Woollcombe had received a secret order to form part of an ‘escape‘ party of 400 selected specialists and senior officers who were to be withdrawn to India on a Royal Navy destroyer, to ensure that their expertise was not lost in the anticipated fall of British Malaya.  However, the docks came under heavy enemy air and artillery bombardment which meant all naval ships had to sail in order to avoid being caught at the quayside.  The escape party commandeered local pilot cutters and sailed for Sumatra, then believed to be still in Dutch hands.  On arrival Woollcombe was transferred to a Dutch gunboat but when its fuel ran out they were obliged to make their way overland using jungle paths to the port town of Padang located on the south coast.  By this time he was very sick indeed and had to be carried for much of the time.  The available evidence indicates that Woollcombe managed to leave Padang aboard the Dutch freighter SS Rooseboom which was later sunk by a Japanese submarine as it was en route to Ceylon.  His death on 28 February 1942 is recorded as ‘presumed drowned‘.

After the war, in November 1945, Robertson, who had been Acting Commandant 2nd Battalion during the time spent in captivity, wrote to Woollcombe’s mother about the fate of her son.  In July 1944 he had interviewed a new arrival at the Changi prisoner of war camp who claimed to be one of only four survivors of the sinking of the Rooseboom.  He remembered a ‘Gurkha Colonel‘ and accurately described Woollcombe.  This witness, a Lieutenant WG Gibson of the Argyll & Sutherland Highlanders, was later found to be something of a Walter Mitty character who on arrival at Changi had promote himself from Corporal to Lieutenant and whose 1952 book about the sinking of the Rooseboom was riddled with inconsistencies and untruths.  Major Robertson did not take to Gibson although he saw no reason to disbelieve what he said about Geoffrey Woollcombe.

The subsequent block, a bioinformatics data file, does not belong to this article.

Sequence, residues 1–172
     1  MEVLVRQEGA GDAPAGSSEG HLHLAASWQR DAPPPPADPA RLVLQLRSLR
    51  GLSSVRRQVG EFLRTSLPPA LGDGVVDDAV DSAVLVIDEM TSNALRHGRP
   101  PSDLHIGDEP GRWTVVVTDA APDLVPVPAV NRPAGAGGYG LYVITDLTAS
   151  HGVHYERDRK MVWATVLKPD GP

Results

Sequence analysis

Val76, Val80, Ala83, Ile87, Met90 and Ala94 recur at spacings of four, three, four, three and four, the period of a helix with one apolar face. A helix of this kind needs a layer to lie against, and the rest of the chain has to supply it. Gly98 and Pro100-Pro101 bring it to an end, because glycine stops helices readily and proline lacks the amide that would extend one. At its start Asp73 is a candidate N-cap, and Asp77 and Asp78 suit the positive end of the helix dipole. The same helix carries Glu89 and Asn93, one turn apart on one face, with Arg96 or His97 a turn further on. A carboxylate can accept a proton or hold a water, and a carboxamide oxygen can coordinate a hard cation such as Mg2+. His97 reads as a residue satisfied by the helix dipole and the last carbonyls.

In this letter Robertson described his former Commanding Officer:

‘He will be a terrible loss to the Regiment to which he gave such devoted and invaluable service.  He was the finest type of Regimental Officer and throughout his service set a magnificent example to everyone.  As a fighting commander he was beyond praise – courageous, courteous, loyal and an inspiration to all.  Geoffrey came through to the end of a campaign full of disaster from start to finish which inevitably put an intolerable strain on commanders and was prolific in recriminations, retaining the respect, admiration and affection of every one of his officers and men without exception. Other commanders could claim one or even two of these, but few could have retained all three under such circumstances’

In 2019 Brigadier Christopher Bullock, late 2nd Goorkhas, arranged for a plaque commemorating Geoffrey Woollcombe to be unveiled in the church of St Mary the Virgin in Ashbury, near the now-demolished family house of the Woollcombe family, who had owned land in the area.  Members of the Regiment and the Woollcombe family were present and the last post and reveille were sounded on the silver bugle Geoffrey Woollcombe had presented to the Regiment many years previously.  A full account of the event was published in the 2020 edition of the Regimental Journal, ‘The Sirmooree’.

The memorial plaque